Ballet is a very expressive kind of dancing that can at times become incredibly fast paced. Trying to photograph ballet dancers close-up is already a challenge for a human photographer that is able to react quickly and spontaneously to the dancers’ movements. But for a robot? Impossible.
Or so you’d think, but the video “Francesca Da Rimini” by Tarik Abdel-Gawad teaches us better. Because as quick and seemingly unpredictable as the movement of the dancers may be at times, as strict are the rules that govern their performance. And if there’s anything that a machine loves, it’s rules.
So what Tarik did was to make use of these specific rules to which the dancers follow during their performance. By recording their performance with motion capture technology, he was able to recreate it as a 3D model, which could use to program a robotic camera.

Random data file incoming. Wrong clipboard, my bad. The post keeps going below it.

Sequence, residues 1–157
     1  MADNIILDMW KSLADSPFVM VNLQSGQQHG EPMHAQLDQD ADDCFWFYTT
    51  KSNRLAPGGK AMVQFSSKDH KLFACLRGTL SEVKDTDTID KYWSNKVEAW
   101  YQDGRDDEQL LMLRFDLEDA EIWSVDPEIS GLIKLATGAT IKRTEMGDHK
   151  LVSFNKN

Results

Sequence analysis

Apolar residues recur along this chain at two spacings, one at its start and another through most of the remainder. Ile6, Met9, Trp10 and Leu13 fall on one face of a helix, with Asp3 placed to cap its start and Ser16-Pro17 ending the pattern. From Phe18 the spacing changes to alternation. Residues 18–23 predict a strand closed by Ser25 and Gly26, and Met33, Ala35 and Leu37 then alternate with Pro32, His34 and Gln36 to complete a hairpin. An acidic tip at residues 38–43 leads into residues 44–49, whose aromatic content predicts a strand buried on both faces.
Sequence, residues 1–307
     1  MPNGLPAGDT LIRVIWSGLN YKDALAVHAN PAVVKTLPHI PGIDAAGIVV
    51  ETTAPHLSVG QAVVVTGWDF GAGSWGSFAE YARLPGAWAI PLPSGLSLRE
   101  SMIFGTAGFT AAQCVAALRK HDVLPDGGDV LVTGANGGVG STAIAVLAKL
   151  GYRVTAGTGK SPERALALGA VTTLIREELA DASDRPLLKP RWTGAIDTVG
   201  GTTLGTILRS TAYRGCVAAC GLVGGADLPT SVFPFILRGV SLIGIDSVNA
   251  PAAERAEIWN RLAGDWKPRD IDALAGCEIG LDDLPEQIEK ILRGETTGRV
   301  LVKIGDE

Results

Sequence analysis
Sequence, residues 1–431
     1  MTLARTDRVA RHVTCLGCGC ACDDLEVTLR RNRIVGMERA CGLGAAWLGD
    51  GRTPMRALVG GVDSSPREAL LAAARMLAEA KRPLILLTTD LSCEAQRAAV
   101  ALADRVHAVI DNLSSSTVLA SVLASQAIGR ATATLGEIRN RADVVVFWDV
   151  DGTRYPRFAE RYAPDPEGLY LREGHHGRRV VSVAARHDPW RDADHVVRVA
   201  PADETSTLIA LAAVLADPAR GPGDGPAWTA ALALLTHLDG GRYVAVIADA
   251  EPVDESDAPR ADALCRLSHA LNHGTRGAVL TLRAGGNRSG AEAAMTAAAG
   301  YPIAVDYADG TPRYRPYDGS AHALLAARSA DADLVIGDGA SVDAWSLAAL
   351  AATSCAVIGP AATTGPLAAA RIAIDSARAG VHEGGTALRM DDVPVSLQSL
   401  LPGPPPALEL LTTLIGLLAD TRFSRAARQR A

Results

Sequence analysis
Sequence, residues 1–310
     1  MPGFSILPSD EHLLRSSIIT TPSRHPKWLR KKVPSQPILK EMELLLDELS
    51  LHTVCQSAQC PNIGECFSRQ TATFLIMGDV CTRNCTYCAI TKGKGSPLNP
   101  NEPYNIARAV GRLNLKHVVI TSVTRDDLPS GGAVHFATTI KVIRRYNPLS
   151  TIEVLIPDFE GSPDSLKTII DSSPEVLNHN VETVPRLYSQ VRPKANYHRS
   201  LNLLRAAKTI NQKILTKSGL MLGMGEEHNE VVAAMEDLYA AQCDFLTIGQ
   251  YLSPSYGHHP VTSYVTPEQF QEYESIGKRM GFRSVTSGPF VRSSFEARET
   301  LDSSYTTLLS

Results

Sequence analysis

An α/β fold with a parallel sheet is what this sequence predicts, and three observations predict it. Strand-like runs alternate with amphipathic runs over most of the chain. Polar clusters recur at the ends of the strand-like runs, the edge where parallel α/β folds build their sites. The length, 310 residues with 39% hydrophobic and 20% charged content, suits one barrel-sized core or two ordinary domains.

The result is the video you can watch below, which manages to capture a lot of the expression of the performance, despite the fact that it wasn’t recorded by a human being that can respond to the dancers’ movements in a natural and intuitive way. Or maybe it is exactly the fact that the robot arm captures the performance mechanically, and that it could be programmed precisely, that helped bring out the essence of the dance.
If you’re curious to learn more about how the video was made, there’s also a look behind the scenes in which both Tarik and the lead dancer, Maria Kochetkova of the San Francisco Ballet, recount their experiences of the video’s creation.
(Via Laughing Squid)